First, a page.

Parallel to his visual work, Öyvind Fahlström devoted great part of his creative energy to writing. Firstly influenced by Antonin Artaud and the Surrealists, his poetry suddenly broke free, in the early 1950s, to embrace the trends of experimentalism that aimed to fuse music to writing.

Under the influence of Pierre Schaeffer’s theory of musique concrete, Fahlström wrote what was to be known as the first manifesto for concrete poetry. That document alone has earned Fahlström a prominent place in the history of the avant-garde in the second half of the twentieth century.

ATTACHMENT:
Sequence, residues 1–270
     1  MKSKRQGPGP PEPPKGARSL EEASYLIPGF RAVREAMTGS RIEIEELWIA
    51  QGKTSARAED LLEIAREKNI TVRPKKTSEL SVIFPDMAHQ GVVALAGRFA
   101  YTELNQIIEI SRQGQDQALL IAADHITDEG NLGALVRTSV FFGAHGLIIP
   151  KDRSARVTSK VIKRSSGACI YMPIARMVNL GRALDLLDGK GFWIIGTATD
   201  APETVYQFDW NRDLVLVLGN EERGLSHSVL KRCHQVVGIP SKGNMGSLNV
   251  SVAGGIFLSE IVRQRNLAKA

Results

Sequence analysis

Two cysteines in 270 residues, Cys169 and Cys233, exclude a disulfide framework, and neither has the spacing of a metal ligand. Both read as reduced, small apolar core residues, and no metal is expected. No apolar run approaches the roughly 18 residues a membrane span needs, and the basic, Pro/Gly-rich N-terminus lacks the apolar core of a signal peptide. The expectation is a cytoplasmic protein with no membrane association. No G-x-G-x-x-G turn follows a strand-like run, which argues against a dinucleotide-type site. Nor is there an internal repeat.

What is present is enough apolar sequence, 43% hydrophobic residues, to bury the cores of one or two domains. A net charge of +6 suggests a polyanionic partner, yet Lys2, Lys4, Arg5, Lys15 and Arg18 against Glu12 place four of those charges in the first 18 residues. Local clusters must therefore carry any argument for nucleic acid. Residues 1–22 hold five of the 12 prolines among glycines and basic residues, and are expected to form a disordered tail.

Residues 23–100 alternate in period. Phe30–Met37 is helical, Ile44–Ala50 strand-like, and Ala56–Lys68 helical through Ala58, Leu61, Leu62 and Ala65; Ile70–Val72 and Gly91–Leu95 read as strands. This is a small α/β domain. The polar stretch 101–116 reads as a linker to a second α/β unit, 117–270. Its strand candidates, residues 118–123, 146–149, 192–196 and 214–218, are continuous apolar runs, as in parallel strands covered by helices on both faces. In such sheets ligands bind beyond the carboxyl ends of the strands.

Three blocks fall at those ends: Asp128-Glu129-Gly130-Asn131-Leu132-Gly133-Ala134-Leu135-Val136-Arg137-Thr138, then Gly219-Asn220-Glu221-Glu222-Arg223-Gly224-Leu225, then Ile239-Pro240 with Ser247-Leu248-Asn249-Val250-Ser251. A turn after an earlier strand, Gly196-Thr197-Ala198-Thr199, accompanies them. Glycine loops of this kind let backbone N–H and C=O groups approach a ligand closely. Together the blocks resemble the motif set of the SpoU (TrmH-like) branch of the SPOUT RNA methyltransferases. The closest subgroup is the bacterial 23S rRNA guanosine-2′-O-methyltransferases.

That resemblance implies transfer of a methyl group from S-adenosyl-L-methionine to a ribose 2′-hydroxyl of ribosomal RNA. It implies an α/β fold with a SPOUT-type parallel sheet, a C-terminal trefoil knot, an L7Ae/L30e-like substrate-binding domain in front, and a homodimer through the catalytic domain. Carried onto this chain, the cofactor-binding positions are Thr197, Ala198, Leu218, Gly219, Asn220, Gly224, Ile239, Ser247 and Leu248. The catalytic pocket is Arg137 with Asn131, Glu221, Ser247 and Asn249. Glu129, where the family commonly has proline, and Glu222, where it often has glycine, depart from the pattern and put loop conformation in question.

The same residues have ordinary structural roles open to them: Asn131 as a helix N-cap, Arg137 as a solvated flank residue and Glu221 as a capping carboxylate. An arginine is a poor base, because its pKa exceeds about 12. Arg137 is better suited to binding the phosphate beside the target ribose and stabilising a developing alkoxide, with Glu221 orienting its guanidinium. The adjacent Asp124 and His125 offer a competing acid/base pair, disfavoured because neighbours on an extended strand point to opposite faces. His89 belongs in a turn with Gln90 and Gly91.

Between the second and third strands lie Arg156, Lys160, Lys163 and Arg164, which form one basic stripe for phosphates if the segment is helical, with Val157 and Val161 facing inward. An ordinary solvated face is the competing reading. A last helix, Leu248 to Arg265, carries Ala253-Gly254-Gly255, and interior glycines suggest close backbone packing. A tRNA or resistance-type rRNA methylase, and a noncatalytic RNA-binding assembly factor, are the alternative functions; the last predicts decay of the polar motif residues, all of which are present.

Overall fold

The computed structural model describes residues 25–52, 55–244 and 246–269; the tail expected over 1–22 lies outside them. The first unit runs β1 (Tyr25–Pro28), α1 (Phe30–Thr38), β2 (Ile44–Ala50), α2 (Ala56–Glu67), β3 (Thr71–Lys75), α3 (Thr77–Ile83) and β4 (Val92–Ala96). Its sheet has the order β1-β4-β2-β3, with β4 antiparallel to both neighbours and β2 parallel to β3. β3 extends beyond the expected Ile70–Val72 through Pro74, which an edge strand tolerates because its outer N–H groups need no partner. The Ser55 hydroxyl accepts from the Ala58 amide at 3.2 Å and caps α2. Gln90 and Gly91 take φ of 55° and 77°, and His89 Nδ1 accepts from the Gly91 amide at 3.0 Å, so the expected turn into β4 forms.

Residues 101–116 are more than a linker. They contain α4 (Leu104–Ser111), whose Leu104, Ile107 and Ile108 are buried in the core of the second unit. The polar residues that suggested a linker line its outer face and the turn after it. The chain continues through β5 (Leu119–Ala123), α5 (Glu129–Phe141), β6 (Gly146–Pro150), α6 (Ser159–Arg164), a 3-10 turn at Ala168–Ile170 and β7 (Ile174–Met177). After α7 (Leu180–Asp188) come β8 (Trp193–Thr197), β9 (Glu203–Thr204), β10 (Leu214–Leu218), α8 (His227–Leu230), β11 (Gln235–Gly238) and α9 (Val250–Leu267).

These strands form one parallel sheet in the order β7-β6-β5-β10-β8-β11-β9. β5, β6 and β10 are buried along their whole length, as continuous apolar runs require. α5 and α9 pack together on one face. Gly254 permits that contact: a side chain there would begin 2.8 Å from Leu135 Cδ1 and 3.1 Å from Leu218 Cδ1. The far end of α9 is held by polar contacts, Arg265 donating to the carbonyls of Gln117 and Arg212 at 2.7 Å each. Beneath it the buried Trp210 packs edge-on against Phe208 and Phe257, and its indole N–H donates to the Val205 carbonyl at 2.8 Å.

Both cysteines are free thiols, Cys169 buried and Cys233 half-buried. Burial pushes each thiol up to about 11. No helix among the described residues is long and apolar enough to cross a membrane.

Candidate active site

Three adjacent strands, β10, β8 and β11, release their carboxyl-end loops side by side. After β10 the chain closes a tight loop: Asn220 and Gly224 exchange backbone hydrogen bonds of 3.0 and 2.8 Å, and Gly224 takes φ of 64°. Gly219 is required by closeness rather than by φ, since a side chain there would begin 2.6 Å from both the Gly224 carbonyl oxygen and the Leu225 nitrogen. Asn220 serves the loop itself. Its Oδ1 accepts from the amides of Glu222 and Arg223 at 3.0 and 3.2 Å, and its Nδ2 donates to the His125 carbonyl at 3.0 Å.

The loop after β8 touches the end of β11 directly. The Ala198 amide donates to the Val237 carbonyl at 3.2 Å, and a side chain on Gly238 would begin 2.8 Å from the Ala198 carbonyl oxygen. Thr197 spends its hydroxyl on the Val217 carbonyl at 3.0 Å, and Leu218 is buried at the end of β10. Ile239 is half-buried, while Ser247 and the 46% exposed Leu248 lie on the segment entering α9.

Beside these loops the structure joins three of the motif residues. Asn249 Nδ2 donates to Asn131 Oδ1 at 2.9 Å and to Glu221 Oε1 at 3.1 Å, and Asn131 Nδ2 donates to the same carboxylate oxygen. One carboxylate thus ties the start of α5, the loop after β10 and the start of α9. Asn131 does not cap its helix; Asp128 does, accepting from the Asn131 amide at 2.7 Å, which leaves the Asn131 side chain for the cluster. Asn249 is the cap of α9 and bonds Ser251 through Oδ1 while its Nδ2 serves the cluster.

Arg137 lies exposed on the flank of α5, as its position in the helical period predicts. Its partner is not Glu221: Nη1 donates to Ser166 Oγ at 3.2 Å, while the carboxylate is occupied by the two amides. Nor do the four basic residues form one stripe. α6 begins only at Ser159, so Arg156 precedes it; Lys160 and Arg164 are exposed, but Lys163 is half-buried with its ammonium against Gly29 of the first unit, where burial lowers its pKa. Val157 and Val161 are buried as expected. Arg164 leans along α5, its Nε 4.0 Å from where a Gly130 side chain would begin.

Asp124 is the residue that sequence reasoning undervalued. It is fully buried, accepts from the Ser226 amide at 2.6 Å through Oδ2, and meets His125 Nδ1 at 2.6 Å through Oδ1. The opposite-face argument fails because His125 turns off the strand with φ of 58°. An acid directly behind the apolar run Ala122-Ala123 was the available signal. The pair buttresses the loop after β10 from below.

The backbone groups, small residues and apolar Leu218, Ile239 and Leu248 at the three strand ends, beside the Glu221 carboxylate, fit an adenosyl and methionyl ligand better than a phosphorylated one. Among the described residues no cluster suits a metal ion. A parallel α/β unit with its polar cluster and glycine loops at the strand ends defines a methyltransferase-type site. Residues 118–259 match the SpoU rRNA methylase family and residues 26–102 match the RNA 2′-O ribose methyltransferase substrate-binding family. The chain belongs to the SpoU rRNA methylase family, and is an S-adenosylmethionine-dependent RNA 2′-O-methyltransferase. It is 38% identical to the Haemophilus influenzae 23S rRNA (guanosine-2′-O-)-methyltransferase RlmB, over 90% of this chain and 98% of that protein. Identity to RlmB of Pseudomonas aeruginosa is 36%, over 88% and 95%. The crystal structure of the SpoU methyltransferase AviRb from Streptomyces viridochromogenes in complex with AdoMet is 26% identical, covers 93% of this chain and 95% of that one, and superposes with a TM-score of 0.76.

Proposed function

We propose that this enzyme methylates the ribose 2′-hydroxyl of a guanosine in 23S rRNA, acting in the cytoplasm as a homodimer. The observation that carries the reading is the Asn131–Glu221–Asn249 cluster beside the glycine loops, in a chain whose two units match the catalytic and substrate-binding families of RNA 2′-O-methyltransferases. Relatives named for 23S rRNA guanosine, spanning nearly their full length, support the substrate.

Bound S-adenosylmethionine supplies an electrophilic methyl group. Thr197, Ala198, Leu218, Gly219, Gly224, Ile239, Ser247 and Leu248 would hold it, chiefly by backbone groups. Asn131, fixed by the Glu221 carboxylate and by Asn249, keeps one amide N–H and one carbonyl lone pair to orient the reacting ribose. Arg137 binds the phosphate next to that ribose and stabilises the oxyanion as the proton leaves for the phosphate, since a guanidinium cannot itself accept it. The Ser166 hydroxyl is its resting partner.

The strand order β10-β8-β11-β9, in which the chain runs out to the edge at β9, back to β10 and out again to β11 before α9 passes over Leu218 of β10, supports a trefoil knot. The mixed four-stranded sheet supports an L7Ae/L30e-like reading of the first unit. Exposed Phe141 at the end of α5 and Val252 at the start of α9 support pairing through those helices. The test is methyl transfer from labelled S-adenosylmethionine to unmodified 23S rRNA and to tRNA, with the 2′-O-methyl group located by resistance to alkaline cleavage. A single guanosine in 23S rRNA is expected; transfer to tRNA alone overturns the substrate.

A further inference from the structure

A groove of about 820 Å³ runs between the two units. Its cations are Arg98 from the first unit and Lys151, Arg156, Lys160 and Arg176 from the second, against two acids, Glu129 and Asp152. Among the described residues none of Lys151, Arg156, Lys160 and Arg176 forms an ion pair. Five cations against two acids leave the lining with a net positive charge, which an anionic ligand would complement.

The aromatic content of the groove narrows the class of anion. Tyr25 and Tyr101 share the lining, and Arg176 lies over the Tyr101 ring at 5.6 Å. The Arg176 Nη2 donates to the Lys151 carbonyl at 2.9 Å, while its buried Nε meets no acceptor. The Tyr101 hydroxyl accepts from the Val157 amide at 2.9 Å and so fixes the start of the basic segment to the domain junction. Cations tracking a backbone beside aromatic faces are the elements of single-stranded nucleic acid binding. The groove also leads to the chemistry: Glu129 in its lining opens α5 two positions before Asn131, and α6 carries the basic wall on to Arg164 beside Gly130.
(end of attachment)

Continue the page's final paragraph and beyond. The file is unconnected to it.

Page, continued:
A.S. Bessa